Monthly Archives: May 2019

Lost Beatles footage to be shown for first time in more than 50 years

Clip features Fab Four performing Paperback Writer on Top of the Pops in 1966

Long-lost footage of a Beatles performance is to be shown for the first time in more than 50 years.

The Fab Four’s appearance on Top of the Pops in the summer of 1966 was thought to have been lost to history before the collector David Chandler handed over a series of 8mm film reels.

Chandler gave the haul to Kaleidoscope, a group that specialises in recovering video and TV shows. Experts remastered the footage and enhanced the sound of the clip, featuring 92 seconds of the Beatles performing Paperback Writer.

Only 11 seconds of the June 1966 performance were previously thought to exist. Kaleidoscope’s chief executive, Chris Perry, said: “Kaleidoscope thought finding 11 seconds of Paperback Writer was incredible, but to then be donated 92 seconds – and nine minutes of other 1966 Top of the Pops footage – was phenomenal.”

The newly found footage also includes Dusty Springfield singing Goin’ Back, The Hollies performing Bus Stop and Tom Jones singing Green, Green Grass of Home. Ike and Tina Turner, the Shadows and the Troggs also feature.

The footage will be shown at Birmingham City University on Saturday, and the screening will feature talks from experts such as Ayshea Brough, the host of Lift Off on Granada Television in the 1960s and 70s.

Kaleidoscope launched its hunt for the UK’s top 100 “lost” TV shows in April 2018 and says dozens of people have come forward with clips from shows ranging from Lift Off to Do Not Adjust Your Set.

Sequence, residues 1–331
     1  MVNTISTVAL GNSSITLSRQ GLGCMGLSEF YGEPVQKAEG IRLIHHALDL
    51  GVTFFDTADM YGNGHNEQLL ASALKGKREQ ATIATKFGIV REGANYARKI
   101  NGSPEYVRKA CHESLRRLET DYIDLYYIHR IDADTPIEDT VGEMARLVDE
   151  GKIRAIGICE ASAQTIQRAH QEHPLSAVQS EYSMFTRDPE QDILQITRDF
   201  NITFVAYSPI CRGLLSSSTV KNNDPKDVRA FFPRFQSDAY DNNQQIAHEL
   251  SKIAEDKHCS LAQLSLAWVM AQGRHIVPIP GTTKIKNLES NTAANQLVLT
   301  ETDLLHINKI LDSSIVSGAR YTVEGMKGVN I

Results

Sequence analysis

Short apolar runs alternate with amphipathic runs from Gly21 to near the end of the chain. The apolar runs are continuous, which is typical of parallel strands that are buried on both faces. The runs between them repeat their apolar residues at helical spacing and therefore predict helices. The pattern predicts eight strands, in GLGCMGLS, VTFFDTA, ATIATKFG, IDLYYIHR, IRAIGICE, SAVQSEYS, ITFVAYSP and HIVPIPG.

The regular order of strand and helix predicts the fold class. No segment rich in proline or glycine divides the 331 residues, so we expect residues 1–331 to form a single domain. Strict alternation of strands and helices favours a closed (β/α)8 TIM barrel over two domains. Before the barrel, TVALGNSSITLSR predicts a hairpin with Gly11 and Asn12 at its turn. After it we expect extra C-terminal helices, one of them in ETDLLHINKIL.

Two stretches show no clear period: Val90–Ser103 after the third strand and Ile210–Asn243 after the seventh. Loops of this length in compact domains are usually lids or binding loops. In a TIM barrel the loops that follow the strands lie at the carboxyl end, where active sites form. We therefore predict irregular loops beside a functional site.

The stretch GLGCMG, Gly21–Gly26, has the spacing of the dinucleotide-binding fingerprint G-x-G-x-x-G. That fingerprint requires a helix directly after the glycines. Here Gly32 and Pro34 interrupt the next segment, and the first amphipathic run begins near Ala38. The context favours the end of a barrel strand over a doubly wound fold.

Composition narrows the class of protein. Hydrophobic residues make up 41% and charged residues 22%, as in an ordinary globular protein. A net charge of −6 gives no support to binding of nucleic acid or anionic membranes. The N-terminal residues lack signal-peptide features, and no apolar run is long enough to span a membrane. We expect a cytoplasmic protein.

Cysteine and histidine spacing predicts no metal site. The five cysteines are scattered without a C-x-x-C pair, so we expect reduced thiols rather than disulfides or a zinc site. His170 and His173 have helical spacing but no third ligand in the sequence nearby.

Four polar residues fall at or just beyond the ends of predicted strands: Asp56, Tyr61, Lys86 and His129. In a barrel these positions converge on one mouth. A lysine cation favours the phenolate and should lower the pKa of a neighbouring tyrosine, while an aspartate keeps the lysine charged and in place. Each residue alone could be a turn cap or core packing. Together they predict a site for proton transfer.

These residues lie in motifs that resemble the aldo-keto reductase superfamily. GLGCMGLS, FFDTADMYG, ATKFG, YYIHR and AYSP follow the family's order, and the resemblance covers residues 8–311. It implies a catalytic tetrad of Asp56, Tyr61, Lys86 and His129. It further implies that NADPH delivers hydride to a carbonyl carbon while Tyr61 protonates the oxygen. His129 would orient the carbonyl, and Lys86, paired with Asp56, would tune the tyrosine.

Top of the Pops was ranked No 2 on the list of the most valuable finds behind Doctor Who. Organisers said the new collection of clips had filled in major gaps in archive history.

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A Message of Peace From Yoko

Dear Friends,
In 1969, John and I were so naïve to think that doing the Bed-In would help change the world. Well, it might have. But at the time, we didn’t know.

It was good that we filmed it, though. The film is powerful now. What we said then could have been said now. In fact, there are things that we said then in the film, which may give some encouragement and inspiration to the activists of today. Good luck to us all.

Let’s remember WAR IS OVER If We Want It.
It’s up to us, and nobody else.
John would have wanted to say that.

Love, yoko

Yoko Ono Lennon
NYC, May 2019

Unseen Beatles: Hundreds of images are revealed charting the band’s rise to fame after worldwide hunt for footage of the Fab Four that has gathered dust in home drawers for decades

Hundreds of incredible never-before-seen images snapped by fans offer a tantalising glimpse of The Beatles’ life away from concerts during their heyday.